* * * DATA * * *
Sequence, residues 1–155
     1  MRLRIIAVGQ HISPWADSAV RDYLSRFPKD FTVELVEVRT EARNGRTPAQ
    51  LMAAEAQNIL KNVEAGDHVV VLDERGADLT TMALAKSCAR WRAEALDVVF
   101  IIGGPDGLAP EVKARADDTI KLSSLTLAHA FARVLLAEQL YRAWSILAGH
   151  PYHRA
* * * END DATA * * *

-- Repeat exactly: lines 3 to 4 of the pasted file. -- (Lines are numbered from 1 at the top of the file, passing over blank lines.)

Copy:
    51  LMAAEAQNIL KNVEAGDHVV VLDERGADLT TMALAKSCAR WRAEALDVVF
   101  IIGGPDGLAP EVKARADDTI KLSSLTLAHA FARVLLAEQL YRAWSILAGH